People are individuals, with different genetics, lifestyles, and histories. Find out what works for you and stick with that. There is no universal human diet. Just about the only universal is to eat wholesome fresh food and to avoid processed crap.

“With laws shall our land be built up, but with lawlessness laid waste.”
-Njal Thorgeirsson

The Fat Diet:

Misrepresentation of facts (just like MSM)

Ed,

I am from southern India where white rice is the staple food. So I know a thing or two about health status in India.

India has the most number of diabetics in the world (a direct consequence of unrestricted carb consumption). The diabetics to population ratio maybe small but increasing as the traditional cultural lifestyle is being supplanted by modern lazy (no-exercise) lifestyle.

Through anecdotal information (from my grand-parents and many other senior people back in India), I see that the Indian diet HAD more variety of vegetables and ghee in their diets. Moreover there were other healthy gluten-free grains other than rice such as raagi, jowar (millets) in the diet back even 50-100 years. Nowadays after a so-called 'green revolution', industrial farming has decreased the soil fertility significantly and has now made a majority of the population depend on easy white rice and gmo tomato and onions.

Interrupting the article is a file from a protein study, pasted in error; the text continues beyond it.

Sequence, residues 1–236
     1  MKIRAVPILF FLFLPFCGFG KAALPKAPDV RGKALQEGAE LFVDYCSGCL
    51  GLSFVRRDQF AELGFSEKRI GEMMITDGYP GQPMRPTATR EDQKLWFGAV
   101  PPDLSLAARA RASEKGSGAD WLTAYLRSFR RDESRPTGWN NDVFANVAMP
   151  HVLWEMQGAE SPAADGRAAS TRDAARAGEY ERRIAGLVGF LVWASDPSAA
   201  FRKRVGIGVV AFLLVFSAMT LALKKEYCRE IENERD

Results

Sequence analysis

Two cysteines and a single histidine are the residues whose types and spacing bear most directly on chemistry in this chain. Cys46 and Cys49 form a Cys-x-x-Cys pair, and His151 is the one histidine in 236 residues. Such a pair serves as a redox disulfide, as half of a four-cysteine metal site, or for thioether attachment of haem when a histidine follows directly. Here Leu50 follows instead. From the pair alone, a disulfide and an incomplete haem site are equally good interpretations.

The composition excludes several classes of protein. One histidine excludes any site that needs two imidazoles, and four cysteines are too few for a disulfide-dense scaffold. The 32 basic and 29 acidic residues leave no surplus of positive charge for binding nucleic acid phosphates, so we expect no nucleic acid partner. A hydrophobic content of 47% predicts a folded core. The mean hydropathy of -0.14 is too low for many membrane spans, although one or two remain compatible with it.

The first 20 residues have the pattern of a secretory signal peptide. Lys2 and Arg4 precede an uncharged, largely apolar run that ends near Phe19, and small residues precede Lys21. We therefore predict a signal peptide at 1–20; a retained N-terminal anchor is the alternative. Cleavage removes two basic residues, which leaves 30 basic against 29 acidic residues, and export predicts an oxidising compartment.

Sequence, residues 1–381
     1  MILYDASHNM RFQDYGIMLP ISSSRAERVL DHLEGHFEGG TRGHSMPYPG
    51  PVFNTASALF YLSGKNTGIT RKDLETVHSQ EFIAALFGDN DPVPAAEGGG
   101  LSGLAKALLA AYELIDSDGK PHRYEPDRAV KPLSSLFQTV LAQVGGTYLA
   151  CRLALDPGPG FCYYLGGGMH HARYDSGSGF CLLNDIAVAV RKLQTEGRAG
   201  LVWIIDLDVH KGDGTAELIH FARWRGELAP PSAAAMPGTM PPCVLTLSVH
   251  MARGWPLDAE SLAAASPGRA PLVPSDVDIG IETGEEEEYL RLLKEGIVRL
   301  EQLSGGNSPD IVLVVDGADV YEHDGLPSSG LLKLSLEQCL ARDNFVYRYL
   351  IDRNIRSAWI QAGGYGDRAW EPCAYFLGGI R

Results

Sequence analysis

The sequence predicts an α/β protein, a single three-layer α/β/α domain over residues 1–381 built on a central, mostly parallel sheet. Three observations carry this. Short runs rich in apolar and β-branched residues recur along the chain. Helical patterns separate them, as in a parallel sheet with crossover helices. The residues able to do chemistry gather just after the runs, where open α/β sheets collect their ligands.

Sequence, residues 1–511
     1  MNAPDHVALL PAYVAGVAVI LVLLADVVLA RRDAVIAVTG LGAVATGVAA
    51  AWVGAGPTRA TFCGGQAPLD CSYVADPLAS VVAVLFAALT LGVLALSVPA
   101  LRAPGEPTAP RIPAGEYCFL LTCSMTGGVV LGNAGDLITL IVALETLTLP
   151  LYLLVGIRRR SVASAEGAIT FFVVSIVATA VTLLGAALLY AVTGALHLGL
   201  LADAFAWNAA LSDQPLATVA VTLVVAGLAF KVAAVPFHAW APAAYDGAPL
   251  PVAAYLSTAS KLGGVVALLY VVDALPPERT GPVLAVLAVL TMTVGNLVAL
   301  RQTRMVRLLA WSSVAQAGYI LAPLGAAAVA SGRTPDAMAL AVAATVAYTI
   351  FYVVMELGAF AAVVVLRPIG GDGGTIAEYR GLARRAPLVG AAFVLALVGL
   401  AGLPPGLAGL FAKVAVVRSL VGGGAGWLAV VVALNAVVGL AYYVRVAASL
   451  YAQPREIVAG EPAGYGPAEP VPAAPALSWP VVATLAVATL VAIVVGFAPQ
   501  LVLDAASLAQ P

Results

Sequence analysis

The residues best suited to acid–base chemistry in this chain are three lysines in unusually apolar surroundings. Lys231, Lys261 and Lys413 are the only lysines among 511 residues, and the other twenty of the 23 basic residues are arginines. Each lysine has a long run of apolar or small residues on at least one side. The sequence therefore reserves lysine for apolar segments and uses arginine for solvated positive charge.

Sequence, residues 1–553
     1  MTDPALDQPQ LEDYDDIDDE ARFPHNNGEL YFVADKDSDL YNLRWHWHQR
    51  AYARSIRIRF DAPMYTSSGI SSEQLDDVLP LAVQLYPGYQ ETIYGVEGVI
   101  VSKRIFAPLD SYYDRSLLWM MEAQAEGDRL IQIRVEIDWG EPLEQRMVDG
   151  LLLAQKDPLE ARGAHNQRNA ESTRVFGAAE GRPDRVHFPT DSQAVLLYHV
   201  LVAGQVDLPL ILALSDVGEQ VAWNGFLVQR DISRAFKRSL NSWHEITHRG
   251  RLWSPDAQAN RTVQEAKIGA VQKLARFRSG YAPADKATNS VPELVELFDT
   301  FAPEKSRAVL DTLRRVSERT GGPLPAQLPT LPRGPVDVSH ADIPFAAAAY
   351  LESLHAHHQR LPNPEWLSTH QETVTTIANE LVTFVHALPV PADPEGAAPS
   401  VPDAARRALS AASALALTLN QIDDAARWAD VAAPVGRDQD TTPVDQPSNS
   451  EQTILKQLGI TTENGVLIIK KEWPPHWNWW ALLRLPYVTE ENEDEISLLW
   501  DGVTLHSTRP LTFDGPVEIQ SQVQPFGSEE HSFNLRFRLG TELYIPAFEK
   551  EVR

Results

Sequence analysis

Read this first -
https://en.wikipedia.org/wiki/Epidemiology_of_diabetes_melli...

"Almost one Chinese adult in ten has diabetes. A 2010 study estimated that more than 92 million Chinese adults have the disease, with another 150 million showing early symptoms.[4] The incidence of the disease is increasing rapidly; a 2009 study found a 30% increase in 7 years.[5]"

"India has more diabetics than any other country in the world, according to the International Diabetes Foundation,[6] although more recent data suggest that China has even more.[4] The disease affects more than 50 million Indians - 7.1% of the nation's adults - and kills about 1 million Indians a year.[6] The average age on onset is 42.5 years.[6] The high incidence is attributed to a combination of genetic susceptibility plus adoption of a high-calorie, low-activity lifestyle by India's growing middle class.[7]"

There is no asian paradox. Your entire article is flawed.

Technically eating whole foods (including white rice/potatoes) is far better than maybe processed high-fat junk. But that paleolithic diet is about emulating the diet people had before the invention of agriculture and herding of sheeps. The health of these paleolithic people was significantly better than current or past neolithic cultures.

Specifically Mark Sisson's primal blueprint puts a great emphasis on veggies and fruit and how to include them in large proportions. It still recommends the same 150g max carbs per day as found in other great research works such as 'The Perfect Health Diet' by the Jaminets. Ofcourse you can up your carbs if you are physically active enough - computer job and living in the couch doesn't cut it though.

Please take your pre-convictions somewhere else and don't feed the tptb's agenda of poisoning everyone with their SAD diet.

The "slim" argument is both a

The "slim" argument is both a strawman and a red herring. Do Asians not suffer from other phenotypic expressions of poor glucose control besides obesity? That is, weight by itself isn't a good indication of health.